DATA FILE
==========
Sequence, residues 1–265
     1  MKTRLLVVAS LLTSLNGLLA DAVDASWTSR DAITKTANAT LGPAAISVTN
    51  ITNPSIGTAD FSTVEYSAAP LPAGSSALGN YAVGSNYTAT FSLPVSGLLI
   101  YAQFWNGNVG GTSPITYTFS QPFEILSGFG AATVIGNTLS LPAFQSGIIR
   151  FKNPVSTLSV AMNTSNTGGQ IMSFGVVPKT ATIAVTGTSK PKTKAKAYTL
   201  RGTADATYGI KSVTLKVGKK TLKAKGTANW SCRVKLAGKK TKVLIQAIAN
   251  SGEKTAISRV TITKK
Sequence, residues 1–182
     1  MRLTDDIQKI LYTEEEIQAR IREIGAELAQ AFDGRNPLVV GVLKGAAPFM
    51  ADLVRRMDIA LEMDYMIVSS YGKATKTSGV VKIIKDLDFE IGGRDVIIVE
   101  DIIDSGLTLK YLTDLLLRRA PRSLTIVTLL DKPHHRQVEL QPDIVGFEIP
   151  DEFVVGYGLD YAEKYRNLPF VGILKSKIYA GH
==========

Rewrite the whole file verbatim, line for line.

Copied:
Sequence, residues 1–265
     1  MKTRLLVVAS LLTSLNGLLA DAVDASWTSR DAITKTANAT LGPAAISVTN
    51  ITNPSIGTAD FSTVEYSAAP LPAGSSALGN YAVGSNYTAT FSLPVSGLLI
   101  YAQFWNGNVG GTSPITYTFS QPFEILSGFG AATVIGNTLS LPAFQSGIIR
   151  FKNPVSTLSV AMNTSNTGGQ IMSFGVVPKT ATIAVTGTSK PKTKAKAYTL
   201  RGTADATYGI KSVTLKVGKK TLKAKGTANW SCRVKLAGKK TKVLIQAIAN
   251  SGEKTAISRV TITKK
Sequence, residues 1–182
     1  MRLTDDIQKI LYTEEEIQAR IREIGAELAQ AFDGRNPLVV GVLKGAAPFM
    51  ADLVRRMDIA LEMDYMIVSS YGKATKTSGV VKIIKDLDFE IGGRDVIIVE
   101  DIIDSGLTLK YLTDLLLRRA PRSLTIVTLL DKPHHRQVEL QPDIVGFEIP
   151  DEFVVGYGLD YAEKYRNLPF VGILKSKIYA GH